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Perfectionism

o-PERFECTIONIST-facebookOn the whole, I think we or society generally see perfectionism as a good thing.

Why might this be?

Well it only follows on from the concept of ‘perfect’ itself which at some point we came up with; re-enforcing and evolving the basic idea that things could have a state of right and wrong, should or should not, to the point where things often simply exist in a state of imperfection and once altered to a state or perfection, cannot be improved.

If we stop and think, we know instinctively that there is not such thing as perfection. It’s an idea, depending on how anyone consciousness perceives it, and will be different for others minds. But that alone doesn’t mean being a perfectionist – one that strives for perfection is a bad thing.

Striving for perfection in various areas of your life (or your definition of it at least) shows you are living in accordance with your own values. You are setting your standard for how you want to live and what matters to you. You are taking control of your existence and influencing an outcome which you believe in.

With it comes some personality traits and behaviors like grit, discipline, perseverance, and ambition. Things which are also inherently seen as positive and productive in society. People admire perfectionists.

But if you are reading this and generally you know you hold a high level of perfectionism, you know when it can become a problem.

First, it’s the sheer disappointment or guilt we experience when we don’t meet our idea of perfection because we feel like we are not in line with our values or meeting our goals.

Second, it’s when our idea of perfection and the extent we value it, conflicts with someone else’s values and interpretations – for example when you think you have cleaned the kitchen so it is ‘perfectly’ clean, and then a few hours later you find your housemate has completely tarnished your work in some way, without any awareness that they have done so, or the amount of effort and sacrifice you put into achieving the result.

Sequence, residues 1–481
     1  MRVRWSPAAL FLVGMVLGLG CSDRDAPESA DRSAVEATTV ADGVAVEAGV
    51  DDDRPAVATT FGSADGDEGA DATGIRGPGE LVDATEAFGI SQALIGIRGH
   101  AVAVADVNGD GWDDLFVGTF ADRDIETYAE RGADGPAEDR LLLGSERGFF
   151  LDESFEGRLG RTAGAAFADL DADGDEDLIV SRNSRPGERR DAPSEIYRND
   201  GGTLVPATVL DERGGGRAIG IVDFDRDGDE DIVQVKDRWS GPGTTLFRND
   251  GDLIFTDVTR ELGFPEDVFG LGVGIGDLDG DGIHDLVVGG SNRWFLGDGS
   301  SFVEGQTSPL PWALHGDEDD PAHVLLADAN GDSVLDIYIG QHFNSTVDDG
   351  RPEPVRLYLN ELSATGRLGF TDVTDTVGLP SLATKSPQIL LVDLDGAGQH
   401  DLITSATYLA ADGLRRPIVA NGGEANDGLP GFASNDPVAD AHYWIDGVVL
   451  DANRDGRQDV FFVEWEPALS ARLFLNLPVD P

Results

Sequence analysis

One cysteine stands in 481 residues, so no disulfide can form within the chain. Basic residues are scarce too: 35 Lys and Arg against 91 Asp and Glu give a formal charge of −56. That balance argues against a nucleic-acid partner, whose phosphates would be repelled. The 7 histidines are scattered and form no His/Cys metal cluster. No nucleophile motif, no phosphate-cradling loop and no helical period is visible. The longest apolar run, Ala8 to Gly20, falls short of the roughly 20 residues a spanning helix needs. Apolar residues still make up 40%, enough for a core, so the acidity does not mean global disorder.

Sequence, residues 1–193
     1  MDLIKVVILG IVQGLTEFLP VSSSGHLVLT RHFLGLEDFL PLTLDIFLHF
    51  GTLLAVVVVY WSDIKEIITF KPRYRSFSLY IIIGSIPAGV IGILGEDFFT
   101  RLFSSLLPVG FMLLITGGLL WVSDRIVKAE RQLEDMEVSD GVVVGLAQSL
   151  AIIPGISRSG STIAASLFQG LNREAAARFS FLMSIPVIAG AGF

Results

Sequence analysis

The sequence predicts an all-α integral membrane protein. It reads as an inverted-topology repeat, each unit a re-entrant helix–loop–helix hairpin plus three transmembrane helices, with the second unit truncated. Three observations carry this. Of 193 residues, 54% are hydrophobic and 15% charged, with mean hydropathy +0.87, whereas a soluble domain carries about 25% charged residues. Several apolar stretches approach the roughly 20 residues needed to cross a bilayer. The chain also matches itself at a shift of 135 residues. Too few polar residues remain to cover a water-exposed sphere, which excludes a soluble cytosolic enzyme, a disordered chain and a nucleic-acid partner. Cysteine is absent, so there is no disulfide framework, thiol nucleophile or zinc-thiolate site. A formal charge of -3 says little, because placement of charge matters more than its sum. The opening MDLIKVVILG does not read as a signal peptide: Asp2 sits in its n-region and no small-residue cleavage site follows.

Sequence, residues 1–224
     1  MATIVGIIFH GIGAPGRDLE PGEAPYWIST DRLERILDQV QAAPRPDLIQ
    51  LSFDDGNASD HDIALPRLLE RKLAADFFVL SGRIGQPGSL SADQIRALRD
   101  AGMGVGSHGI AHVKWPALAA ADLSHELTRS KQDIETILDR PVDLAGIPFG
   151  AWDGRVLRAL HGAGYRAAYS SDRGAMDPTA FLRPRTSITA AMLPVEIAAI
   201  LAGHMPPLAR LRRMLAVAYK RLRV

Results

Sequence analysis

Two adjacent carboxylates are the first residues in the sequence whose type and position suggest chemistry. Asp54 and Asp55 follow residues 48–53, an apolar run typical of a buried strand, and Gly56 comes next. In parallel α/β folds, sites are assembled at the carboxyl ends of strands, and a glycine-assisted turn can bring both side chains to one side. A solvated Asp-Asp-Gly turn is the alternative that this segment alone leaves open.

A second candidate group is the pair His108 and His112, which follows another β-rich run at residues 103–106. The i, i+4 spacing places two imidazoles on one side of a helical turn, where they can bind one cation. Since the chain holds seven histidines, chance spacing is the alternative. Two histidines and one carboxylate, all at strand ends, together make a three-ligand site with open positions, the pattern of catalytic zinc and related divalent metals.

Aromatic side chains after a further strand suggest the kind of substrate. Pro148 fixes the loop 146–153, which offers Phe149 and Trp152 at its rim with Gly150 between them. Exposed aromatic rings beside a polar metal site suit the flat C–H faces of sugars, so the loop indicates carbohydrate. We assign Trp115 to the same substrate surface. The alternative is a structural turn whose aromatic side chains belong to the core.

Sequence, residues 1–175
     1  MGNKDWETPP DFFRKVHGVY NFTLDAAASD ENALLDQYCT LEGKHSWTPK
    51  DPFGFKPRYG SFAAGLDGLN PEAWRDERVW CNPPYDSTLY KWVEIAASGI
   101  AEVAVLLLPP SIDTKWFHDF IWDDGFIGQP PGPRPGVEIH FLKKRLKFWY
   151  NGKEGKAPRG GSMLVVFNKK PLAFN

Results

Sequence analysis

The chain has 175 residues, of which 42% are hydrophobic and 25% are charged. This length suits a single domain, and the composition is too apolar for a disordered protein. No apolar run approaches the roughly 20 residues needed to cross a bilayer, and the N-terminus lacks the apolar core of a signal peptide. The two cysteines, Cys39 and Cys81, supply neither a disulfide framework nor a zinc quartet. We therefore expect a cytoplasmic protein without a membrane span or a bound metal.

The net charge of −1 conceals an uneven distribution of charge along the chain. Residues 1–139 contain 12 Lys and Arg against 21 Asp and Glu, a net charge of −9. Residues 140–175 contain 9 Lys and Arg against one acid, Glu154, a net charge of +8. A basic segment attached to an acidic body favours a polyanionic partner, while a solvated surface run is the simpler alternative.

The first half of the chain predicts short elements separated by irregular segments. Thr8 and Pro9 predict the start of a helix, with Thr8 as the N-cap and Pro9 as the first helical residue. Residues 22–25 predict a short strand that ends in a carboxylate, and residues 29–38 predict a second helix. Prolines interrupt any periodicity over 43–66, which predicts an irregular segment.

So whilst perfectionism can be really useful, I think both these problems have implications for some areas of people’s lives including different eating disorders.

Whilst perfectionism exists in all people to some extent, and I am by no means saying it is the root cause of any disorders, it can play a particularly prominent role in how people’s eating disorders develop.

I think the first problem exists in all eating disorders to some extent. Whether Orthorexia or Anorexia, or just being a bit OCD about counting calories or avoiding particular foods. When we don’t live in line with our idea of perfection, we get upset. Or we feel huge amounts of guilt. Or both. This is an internal pain.

With the second problem, the issue is clearly more external. I think this exists when other people’s idea of perfection, or more largely, society’s portrayed vision of perfection, is saturated within our collective day to day existence. The key issue here, versus when you housemate annoys you, you get over it, and that’s that – is that some people try very hard to believe in society’s idea of perfection and become it rather than just being happy to strive for their own idea of wonderful uniqueness and individuality.

Rather than developing their own idea of what is right, they have embraced an idea pushed very hard by society until they actually make this non-achievable vision their own in order to align to the world’s values and be accepted. In other words, they really care what people think about them.

This largely affects eating disorders like Anorexia more than those with Orthorexia, and is a key aspect of which distinguishes the two in my opinion. Most people with Orthorexia are actually only doing it to meet their own standards internally and society just perpetuates this. But other eating disorders are fueled far more by body image, and the starting point is society’s pressure on people who are particularly insecure about what other beings think abut their state of existence.

So on the surface, there are two solutions, regardless of how practical or easy they are to implement.

For the first problem, it’s recognizing and accepting that you will never truly reach perfection. Because accepting that, and continuing your efforts still simply because you enjoy the process of striving for it anyway, is key to reaping the benefits of a perfectionist without the emotional pain and distress.

For the second problem, the answer may be seen as ‘stop caring what other people think’. Sounds easy. And is at the heart of a lot of good advice, self-help books, and psychology. It also mimics ideas shared among recovering patients, which perpetuate the idea of appreciating your own beauty.

Knowing that you are perfect just for existing.

But for these people, it’s easier said than done.

 

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